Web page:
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I started playing the guitar about a year ago starting on an acoustic and gradually transferred to an electric. I do not have control over when I get equipment or even what I get usually so when I get the chance to choose I want to make the best decision, obviously. I like things that sound like "When I Come Around" by Green day or "The Middle" by Jimmy Eat World, etc. so I want something that will help me achieve that sound. If things get too metal-ish I start to dislike the sound, but if it sounds too clean I like it even less. I practice on acoustic and transfer to electric when I think I'm "good enough" to play the song in question and then work out how to dial it in. I often play with headphones attached to the respective port so I hear what the amp is putting out and not what the guitar is producing (I practice in a small room)

My current gear is:

  • Fender Mustang I modelling amp (I usually keep it exclusively set to the Fender '57 Deluxe model with no effects. I like to pretend it actually is a Fender '57 Deluxe. I hate that I have to open up the FUSE software to adjust mids. I wish there was a knob on the amp for that)
  • Cheap knock-off strat probably purchased from the likes of Wal-mart, etc. (says "spectrum" on the headstock)
  • A good cable leading from the guitar to the stompbox
  • A defective cable leading from the stompbox to the amp (will eventually replace, right now I just turn up the master volume intensely to compensate)

I also have a Boss HM-2 stompbox (hammydown. hasn't been touched in 20 years) I want to sell and replace with another box that will produce a better sound with this equipment. The problem is, I don't know anything about pedals. I know that a Tube Screamer or a Big Muff is classic but I don't actually know if they're what I want. (I'm also concerned that an overdrive/boost pedal like a Tube Screamer wouldn't fare well with a solid-state amp, modelling or not) Also I want something that will sound good with what I have right now because I am not in control of what I have atm. ;)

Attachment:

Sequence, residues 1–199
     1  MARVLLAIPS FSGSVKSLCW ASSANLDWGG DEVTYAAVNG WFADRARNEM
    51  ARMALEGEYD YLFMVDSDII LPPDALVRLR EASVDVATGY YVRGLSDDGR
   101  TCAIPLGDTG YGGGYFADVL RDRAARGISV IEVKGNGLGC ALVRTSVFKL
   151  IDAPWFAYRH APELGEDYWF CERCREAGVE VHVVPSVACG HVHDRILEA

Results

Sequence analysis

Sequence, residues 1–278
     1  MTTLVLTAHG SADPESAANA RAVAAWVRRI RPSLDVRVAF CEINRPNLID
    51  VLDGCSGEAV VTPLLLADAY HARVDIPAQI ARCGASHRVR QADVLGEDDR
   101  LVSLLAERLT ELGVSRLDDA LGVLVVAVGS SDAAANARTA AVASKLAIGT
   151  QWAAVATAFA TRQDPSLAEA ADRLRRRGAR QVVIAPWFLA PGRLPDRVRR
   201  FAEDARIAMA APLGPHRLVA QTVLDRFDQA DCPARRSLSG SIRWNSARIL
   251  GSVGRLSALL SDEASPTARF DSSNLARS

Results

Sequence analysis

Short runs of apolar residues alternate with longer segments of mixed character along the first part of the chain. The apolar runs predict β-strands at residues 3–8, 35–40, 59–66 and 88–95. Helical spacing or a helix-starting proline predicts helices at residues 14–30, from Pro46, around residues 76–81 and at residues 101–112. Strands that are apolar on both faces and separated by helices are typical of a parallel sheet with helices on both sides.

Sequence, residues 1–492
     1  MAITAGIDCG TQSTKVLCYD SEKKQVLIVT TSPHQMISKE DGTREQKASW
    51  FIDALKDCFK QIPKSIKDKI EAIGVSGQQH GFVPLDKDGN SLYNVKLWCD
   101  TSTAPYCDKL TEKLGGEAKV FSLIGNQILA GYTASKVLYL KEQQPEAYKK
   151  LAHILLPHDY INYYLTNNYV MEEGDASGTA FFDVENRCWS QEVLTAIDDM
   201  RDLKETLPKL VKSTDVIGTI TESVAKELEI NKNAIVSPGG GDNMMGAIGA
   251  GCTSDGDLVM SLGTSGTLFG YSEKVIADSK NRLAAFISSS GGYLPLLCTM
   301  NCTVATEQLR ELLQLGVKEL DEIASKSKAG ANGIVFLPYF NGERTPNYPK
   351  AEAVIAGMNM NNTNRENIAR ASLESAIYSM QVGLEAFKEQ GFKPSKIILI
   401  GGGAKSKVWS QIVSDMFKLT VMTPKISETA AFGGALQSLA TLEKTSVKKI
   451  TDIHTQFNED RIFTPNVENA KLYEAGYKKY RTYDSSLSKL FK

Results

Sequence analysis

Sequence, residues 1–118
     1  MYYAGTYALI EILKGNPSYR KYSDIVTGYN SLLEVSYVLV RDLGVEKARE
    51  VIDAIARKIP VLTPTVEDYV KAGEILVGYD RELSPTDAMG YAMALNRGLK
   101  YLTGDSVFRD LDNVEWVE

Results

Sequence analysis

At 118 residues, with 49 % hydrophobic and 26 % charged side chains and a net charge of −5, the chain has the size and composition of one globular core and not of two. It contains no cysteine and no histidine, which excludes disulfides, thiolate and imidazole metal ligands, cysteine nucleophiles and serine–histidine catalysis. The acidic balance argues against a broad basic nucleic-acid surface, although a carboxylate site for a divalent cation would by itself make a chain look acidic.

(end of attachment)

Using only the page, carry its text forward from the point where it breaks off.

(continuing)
Note: Please don't recommend specific products. A generic discussion that would help me make an educated decision on my own would be appreciated.

Update (few weeks later): I got an Ibanez TS-9 Tube Screamer and replaced the faulty cable. It does exactly what I wanted, and I am now focusing on improving accuracy in my right hand (I strum the wrong notes and especially extra notes even if I have the left hand correct). As far as gear goes, I think I'm set for my current skill level.

Update (few months later): I find myself worrying about tone much less and being able to focus on playing more now. I also find myself using the TS-9 pedal less (though I do love it). Now I usually put the EQ on flat (12 o' clock) and crank the gain on the JCM800 model of my amp, turning the master volume down very (very) low and play through the bridge pickup. My advice would be to not worry about tone and equipment that much at first and just focus on learning how to play the instrument. :)

  • Welcome to the site. I'm a bit confused over exactly what capability you want to expand - your amp is a modelling amp, so doesn't it already have the ability to produce a range of levels of distortion? – topo Reinstate Monica Dec 17 '16 at 10:19
  • It does... it's just clunky. I have to have a laptop hooked up to it and the USB cable is only like 6 inches long and I don't have a table to put it on so I'm constantly kneeling down to adjust the settings. It does have a muff model and I've used it a few times, it's just really annoying to have to interrupt everything. I don't know how accurate it is, though. Plus I like the "real" feel of actually having a pedal attached. :) – Uncreative Name Dec 17 '16 at 13:12
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    If you're looking for a recommendation on a specific pedal, that's off topic here. Aside from that, you'll have no idea whether you're really hearing a pedal correctly or not until you fix or replace that bad cable. Also, a good pedal is a good pedal no matter what kind of amp you have. Lastly, as soon as you're old enough, and if you're allowed, find a way to earn some money. Mow lawns, shovel snow, babysit, find a job that doesn't require a work permit, whatever. It will make you a better person and give you control over your guitar rig. – Todd Wilcox Dec 17 '16 at 13:42
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    As Todd Wilcox says, recommendations are off topic here - but would you be happy with an answer that gives general advice? If so, there's no problem with this question IMO. BTW each site on SE sets its own policy on recommendation questions - there are some sites where they are fine. – topo Reinstate Monica Dec 17 '16 at 14:39